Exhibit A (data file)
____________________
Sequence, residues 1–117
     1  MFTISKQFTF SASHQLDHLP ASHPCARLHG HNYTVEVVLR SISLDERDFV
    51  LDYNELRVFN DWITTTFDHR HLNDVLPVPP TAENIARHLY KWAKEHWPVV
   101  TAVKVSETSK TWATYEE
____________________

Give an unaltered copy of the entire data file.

Sequence, residues 1–117
     1  MFTISKQFTF SASHQLDHLP ASHPCARLHG HNYTVEVVLR SISLDERDFV
    51  LDYNELRVFN DWITTTFDHR HLNDVLPVPP TAENIARHLY KWAKEHWPVV
   101  TAVKVSETSK TWATYEE